|Joyce Carol Oates Recollections in Tranquility|
|David Budbil This Shining Moment in the Now|
|Karen Koto Infidelity|
|ee cummings may i feel said she|
|Robert Frost Nothing Gold Can Stay|
|Philip Levine On Me!|
|Sara King Men Come, Men Go, But Laundry is Forever|
|Wordsworth Tintern Abbey|
|N. Hawthorne On Humility|
|E. W. Garber Feasting|
|Arthur Krystal - Who Speaks For The Lazy (abstract)|
|Thomas Hardy Snow in the Suburbs|
Recollections in Tranquility
He ran his hands over me like Braille
He liked to bruise the skin of breasts, rib cage.
“Why are you so thin?” he asked.
My body a rebuke to his stern solid flesh.
What’s the effort of love but a kind of swimming
Through another’s flesh?
A man’s need, so sudden & hot!
It’s intimidating no matter how many times
it’s happened in just the same way.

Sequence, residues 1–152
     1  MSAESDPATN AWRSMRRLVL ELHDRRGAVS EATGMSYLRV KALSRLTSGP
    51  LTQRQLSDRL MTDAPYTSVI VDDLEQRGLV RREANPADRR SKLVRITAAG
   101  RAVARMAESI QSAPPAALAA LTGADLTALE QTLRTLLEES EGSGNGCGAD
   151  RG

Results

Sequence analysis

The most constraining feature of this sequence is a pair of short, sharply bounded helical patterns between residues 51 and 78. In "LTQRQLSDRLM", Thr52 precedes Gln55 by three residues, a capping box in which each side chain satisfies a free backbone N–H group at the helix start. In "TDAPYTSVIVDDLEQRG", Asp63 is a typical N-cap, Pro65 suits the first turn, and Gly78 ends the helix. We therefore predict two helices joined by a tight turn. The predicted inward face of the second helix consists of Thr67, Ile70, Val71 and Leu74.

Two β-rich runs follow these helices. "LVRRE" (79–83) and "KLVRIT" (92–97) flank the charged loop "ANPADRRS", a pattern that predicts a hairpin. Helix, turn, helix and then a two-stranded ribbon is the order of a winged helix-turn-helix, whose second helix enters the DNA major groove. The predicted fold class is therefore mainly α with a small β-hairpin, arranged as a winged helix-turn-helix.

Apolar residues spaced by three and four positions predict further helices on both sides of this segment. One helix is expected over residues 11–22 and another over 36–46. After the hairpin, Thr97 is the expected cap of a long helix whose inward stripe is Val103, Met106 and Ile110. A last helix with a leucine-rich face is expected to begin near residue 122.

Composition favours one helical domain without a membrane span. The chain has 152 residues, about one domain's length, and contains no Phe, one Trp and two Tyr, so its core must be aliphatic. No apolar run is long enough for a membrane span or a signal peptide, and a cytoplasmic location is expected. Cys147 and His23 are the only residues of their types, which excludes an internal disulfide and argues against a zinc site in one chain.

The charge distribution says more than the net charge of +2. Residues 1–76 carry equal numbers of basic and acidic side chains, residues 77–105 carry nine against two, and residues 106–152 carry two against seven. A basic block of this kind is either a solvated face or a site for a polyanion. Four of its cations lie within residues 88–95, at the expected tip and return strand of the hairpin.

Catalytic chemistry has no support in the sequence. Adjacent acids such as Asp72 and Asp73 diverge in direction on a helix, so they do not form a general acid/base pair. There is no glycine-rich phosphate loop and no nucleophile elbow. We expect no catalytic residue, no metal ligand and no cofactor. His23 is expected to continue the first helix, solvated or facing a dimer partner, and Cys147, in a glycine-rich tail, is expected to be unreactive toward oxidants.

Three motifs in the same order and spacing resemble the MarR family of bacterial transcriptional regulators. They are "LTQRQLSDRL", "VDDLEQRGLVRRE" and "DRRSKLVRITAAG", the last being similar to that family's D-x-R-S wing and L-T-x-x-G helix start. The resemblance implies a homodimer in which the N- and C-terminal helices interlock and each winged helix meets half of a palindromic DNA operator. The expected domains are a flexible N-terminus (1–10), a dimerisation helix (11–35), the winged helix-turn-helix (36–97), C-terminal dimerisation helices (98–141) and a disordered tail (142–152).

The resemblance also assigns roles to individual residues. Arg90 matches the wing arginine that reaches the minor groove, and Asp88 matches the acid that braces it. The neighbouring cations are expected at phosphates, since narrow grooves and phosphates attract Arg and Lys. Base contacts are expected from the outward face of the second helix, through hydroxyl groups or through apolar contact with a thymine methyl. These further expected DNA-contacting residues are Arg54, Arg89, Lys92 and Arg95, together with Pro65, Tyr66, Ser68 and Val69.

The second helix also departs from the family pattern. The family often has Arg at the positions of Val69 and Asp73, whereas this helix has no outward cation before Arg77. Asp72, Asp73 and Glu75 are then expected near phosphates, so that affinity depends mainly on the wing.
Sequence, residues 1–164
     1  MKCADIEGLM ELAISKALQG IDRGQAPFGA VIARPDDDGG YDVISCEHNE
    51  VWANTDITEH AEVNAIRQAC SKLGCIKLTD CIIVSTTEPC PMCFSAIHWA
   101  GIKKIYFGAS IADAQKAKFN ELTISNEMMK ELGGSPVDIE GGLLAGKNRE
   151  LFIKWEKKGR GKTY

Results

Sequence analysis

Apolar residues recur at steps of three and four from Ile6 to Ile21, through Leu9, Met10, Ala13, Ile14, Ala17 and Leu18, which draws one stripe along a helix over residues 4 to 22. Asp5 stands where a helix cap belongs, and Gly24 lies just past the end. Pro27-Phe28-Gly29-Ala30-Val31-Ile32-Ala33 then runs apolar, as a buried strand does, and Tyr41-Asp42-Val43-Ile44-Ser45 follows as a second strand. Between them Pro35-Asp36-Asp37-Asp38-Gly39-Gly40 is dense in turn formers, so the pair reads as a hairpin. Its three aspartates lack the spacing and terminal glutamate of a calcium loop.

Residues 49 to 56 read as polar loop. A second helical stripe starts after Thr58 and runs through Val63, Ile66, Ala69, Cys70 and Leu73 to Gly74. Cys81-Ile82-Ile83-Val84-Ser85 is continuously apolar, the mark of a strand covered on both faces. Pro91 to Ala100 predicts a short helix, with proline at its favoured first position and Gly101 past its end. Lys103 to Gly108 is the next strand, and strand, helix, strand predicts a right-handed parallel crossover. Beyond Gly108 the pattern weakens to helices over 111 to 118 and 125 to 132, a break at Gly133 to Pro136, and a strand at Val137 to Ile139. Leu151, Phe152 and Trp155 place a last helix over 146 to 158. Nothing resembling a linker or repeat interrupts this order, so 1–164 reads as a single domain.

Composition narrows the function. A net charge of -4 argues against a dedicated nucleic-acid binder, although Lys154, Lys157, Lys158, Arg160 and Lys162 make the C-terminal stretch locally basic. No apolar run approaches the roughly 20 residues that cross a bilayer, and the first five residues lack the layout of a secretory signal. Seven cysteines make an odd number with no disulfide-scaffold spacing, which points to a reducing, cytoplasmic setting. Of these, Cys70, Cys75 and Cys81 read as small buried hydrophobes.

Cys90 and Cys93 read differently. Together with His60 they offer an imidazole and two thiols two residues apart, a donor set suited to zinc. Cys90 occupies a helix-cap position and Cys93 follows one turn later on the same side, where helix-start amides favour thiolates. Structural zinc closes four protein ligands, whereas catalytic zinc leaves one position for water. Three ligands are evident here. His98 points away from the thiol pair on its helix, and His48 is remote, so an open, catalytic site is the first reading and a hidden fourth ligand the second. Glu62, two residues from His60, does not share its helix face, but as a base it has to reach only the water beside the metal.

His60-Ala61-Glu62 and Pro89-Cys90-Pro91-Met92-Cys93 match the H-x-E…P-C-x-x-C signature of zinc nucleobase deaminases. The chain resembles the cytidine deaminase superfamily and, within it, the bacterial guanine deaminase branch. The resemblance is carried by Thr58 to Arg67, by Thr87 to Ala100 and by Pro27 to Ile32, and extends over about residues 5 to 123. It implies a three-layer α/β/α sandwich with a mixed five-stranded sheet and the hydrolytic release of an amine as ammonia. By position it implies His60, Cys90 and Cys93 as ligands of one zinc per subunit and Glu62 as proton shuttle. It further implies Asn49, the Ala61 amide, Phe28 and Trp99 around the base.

It’s faces that love, we know that.
We know better, but we know that.
Mine was covered in a porcelain shell of which I think
I was vain: languid-empty eyes, polite mouth,
Skin without history.
Beneath that face, the other he never saw.
Contorted in strain, in hope in anger.
Female passion that’s sheerly muscle,
mouth like a pike’s.
He saw the one, spoke and pleaded with the one,
Those eyes, that mouth, but the other, beneath,
He never knew, nor guessed.
What worried him was—“Sometimes I think I might kill you.”
In the end nothing came of it.
We remained married to other people. We grew older.
--Joyce Carol Oates
THIS SHINING MOMENT IN THE NOW
When I work outdoors all day, every day, as I do now, in the fall,
getting ready for winter, tearing up the garden, digging potatoes,
gathering the squash, cutting firewood, making kindling, repairing
bridges over the brook, clearing trails in the woods, doing the last of
the fall mowing, pruning apple trees, taking down the screens,
putting up the storm windows, banking the house - all these things,
as preparation for the coming cold...
when I am every day all day all body and no mind, when I am